The period of Advent coincides with the commemorative days of a number of saints, which also include a number of other popular customs and superstitions. These customs in all likelihood have their connections to certain Christian beliefs, but many of them still harken back to the beliefs of pagan mythology. Not all of these customs were observed everywhere, of course, and each of them had a number of regional variations.
The first Advent holiday falls on the 30th of November, Saint Andrew's Day. This day - dedicated to one of the twelve apostles - used to be a day for fortune-telling, though today this has become more of a Christmas Eve activity.
One example of this fortune telling was the practice where girls in Silesia would melt lead to read their futures. They would melt it in spoons over a candle, and then quickly pour it into cold water through a key whose teeth formed the shape of a cross. From the form into which the lead hardened they would make predictions on what their next husband would look like: slim, fat, handsome, ugly, hunch-backed, etc. In the shape the lead took, the girls would also look for signs of the various crafts in order to predict the profession of their future bridegroom. Elsewhere, girls would look for the appearance of their future husband in a hole cut in the ice, where shadows revealed his character to them. In still other places, girls would tap on the door of the henhouse, and if a rooster crowed, the girl would be married in the next year. If a hen answered, she would have another year to wait.
The next Advent holiday celebrated was the 4th of December, Saint Barbara's Day. St. Barbara was a martyr from the ancient period of the persecution of Christians in the Roman Empire. Barbara was the first of the "parading figures" of the season.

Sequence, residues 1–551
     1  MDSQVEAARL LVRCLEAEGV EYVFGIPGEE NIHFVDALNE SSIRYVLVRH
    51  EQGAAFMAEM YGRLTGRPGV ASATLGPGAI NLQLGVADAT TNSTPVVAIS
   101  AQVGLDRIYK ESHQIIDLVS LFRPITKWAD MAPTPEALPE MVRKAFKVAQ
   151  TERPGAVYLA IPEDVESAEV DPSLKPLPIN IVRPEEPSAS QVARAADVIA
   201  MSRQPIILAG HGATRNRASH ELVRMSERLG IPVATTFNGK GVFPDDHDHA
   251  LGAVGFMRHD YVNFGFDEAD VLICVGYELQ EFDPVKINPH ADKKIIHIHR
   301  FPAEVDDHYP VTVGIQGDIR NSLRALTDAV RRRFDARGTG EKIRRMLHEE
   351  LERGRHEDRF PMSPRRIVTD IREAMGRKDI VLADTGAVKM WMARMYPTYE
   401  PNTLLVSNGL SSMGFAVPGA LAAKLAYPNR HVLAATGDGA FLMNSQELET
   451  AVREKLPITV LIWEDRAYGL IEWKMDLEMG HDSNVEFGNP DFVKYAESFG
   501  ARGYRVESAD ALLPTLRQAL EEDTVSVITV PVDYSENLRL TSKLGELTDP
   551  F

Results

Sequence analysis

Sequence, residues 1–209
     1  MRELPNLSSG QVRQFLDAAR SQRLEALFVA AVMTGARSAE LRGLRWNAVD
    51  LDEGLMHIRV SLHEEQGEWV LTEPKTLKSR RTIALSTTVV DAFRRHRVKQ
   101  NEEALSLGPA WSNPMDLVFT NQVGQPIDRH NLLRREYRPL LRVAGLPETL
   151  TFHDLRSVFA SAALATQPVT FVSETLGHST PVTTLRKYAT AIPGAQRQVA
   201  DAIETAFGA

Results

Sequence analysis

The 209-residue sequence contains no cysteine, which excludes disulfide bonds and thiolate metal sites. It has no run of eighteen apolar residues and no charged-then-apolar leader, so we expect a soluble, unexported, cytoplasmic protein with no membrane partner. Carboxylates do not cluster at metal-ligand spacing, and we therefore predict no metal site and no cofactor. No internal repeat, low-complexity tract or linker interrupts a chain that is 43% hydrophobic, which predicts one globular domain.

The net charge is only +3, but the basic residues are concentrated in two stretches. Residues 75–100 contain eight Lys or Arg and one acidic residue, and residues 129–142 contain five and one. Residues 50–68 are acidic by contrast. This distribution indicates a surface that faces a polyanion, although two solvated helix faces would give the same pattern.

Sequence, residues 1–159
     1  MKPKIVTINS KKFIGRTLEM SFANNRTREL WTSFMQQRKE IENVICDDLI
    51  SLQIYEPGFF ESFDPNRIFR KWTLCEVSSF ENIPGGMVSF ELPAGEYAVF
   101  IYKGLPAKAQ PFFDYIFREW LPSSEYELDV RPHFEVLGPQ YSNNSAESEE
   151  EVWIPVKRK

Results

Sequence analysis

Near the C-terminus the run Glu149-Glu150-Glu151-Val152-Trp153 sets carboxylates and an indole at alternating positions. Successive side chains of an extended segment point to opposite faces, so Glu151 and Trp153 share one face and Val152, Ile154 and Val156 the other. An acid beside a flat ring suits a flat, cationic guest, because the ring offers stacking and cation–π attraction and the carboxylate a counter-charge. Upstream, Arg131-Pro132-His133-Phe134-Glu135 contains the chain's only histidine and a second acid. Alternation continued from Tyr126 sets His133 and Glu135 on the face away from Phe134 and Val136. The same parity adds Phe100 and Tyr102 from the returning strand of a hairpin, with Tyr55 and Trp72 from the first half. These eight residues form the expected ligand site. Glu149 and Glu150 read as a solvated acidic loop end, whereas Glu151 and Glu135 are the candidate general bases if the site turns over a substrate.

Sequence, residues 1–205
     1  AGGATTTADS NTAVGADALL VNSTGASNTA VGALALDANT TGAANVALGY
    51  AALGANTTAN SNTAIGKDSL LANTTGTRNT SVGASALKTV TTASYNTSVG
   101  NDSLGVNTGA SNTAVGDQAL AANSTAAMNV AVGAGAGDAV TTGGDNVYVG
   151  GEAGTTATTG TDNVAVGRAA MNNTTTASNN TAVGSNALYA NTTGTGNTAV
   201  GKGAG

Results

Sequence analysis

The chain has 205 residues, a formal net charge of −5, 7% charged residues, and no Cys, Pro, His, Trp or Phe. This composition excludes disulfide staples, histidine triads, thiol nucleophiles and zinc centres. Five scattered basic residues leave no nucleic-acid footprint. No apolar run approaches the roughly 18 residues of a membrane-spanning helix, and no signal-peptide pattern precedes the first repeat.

The disguises people wore, in which they wandered around rural villages during the evening, really only resembled St. Barbara in name. They were made up of a woman's mask with a white cloak and long, flowing hair, with green wreaths on her head and whisks for punishing children, but also hand-baskets with fruit and nuts for presents. In some regions, Barbara became Bruna, Perchta or Klibna, and in others, people accompanied her disguised as goats, mares or devils. To this day, people cut off cherry twigs on St. Barbara's Day and put them in vases, where they bloom around Christmas Eve, thus signifying luck and hope in the search for a partner for life.
The most popular of the Advent holidays was - and still is - the day of Saint Nicholas (Mikuláš), the 6th of December, though it is actually celebrated the evening before. St. Nicholas is actually the only one of the "parading figures" remaining today. Mikulas is primarily a children's holiday, because he delivers presents and also reminds people that the coming of the awaited Baby Jesus is near.
The final Advent holiday is the 13th of December - the day of Saint Lucille, after which began the preparations for the Christmas holidays. Today this day no longer has any meaning, but in the past it was very important. St. Lucille protected against witchcraft and sorcery. The variety of the popular customs in the Czech Lands is well demonstrated by the different "parading figures" with Lucille's name. In some places, Lucille appeared as a mysterious, secretive being, with a white mask, embodying fear and horror. In some places, she also had a long nose or a knife with which she frightened children, threatening to cut open their bellies.
She didn't tap on the window like St. Barbara, but appeared unexpectedly. In different towns Lucille evolved into a more pleasant form, roaming the village disguised as an old, hunch-backed woman with her face concealed by a mask carrying a wooden spoon, teasing the young people.